TRAVELING WITH CANCER:'The best part was watching everyone smile'
'I'm often forgotten'
Accommodations are one part of the equation. Disabled travelers also have to contend with untrained staffers or chaotic environments, as well.
When Burke, who is legally blind, asks for a guide at the airport, usually one person will take her through security and another to the gate. But when the person switches off, she's often forgotten.
"It's ridiculous that one person, a human, can be forgotten and put aside at the airport. It was a terrifying few hours because I was confused and didn't know where I was or if I'd make my flight," Burke, 27, said.
In Salazar's opinion, airports are designed only for neurotypical people, not folks like her, who are diagnosed with clinical anxiety. She describes her anxiety as having little sensors or scans in her brain, scanning for dangers or triggers. In an airport setting, with large crowds, TSA agents and high stress, her anxiety is often triggered.
Salazar often wears a hoodie and eye mask when traveling so she can "make it dark when needed to calm her." She opts for clothing that's less restrictive and brings soft objects like her favorite stuffed animal.
"I don't mind looking silly. My stuffed animals, my eye mask and headphones, my whole routine helps me stay calm when traveling," Salazar said.
When passing through security, she wears headphones to block out loud noises or "negativity" from others. If someone loudly slams down luggage, it'll trigger Salazar's anxiety so she tries to drown it out with music. When she needs space, she'll forego a chair and sit on the ground.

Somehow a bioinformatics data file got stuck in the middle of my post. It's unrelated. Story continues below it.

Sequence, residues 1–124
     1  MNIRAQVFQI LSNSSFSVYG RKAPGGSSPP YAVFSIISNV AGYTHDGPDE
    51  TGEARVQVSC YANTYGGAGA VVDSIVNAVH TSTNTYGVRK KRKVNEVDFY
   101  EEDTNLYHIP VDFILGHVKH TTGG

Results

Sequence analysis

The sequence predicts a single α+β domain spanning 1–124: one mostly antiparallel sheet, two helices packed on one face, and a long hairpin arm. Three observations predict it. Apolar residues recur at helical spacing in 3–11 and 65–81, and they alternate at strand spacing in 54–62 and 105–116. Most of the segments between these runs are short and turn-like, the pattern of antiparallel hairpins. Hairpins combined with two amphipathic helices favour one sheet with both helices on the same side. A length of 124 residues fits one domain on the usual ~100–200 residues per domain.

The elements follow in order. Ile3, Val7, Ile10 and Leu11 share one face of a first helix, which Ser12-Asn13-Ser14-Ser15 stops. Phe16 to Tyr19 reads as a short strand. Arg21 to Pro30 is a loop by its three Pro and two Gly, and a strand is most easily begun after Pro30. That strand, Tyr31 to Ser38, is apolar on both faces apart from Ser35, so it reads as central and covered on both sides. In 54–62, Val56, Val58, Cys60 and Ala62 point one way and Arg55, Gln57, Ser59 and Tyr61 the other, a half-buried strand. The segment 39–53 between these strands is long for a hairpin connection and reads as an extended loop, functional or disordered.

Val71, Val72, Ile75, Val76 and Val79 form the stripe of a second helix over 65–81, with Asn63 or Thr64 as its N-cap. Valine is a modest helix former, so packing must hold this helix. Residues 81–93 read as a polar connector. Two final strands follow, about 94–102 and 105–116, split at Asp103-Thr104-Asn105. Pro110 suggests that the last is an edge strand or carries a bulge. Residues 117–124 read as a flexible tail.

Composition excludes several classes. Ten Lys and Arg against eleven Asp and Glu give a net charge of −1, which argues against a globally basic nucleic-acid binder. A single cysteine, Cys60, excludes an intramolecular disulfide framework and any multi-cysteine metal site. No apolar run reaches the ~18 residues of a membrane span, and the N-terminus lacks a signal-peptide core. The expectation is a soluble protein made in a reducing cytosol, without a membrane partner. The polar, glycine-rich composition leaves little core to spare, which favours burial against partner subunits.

"Anxiety can be triggered in many ways. For me, it's loud noises, but for my sister, it's the stress of traveling and waiting. It'll trigger her stomach and she'll start throwing up," Salazar said.
If Salazar or a family member does experience a panic attack or needs assistance with triggers, she finds airport workers and flight attendants aren't helpful.
"A lot of times it's hard for airline workers to see or believe an invisible disability. It's hard to explain especially when you're having a moment, so I try to travel with someone I trust who can explain for me or use my eye mask and routine to avoid bad situations," Salazar said.
But sometimes bad situations are unavoidable. As was the case when airline workers yelled in Burke's face because she wasn't following instructions. The worker, she says, was "pointing and screaming 'grab that,'" but Burke couldn't see what she was referring to.
"People see me and don't see a disabled person so they'll use visual words I just don't understand and then yell," Burke said. "So I'll use a wheelchair or sunglasses to physically show I have a disability and need accommodations."
'The hell I can'
Travel can be a minefield of complications for people with disabilities, but preparing for bad scenarios has proven helpful.
When traveling to a new city or state, Salazar will organize each activity for each hour of the day and include backup plans. She said this gives her back "some control" over her anxiety and helps her cope when there's a change of plans or inclement weather.
"Anxiety is hard in any situation, but my small routine and habits help me cope and travel often. But it doesn't have to control what we can't do," Salazar said.
Medina meticulously plans her trips across the country, oftentimes alone. She uses forearm crutches due to a decreased function in her legs, so when traveling she focuses on cities with wheelchair ramps instead of stairs, rideshares with ramps and nearby attractions. Medina prefers traveling near the water where she "feels like I can walk freely."
Medina also looks for attractions where wheelchairs are easily given, such as museums or zoos.
When she was diagnosed, Medina was told traveling, high-stress activities and a "regular" life wouldn't be her reality.
"I had doctors telling me you can't do this, you can't do that, and I said 'the hell I can,'" she said.
Follow Gabriela Miranda on Twitter: @itsgabbymiranda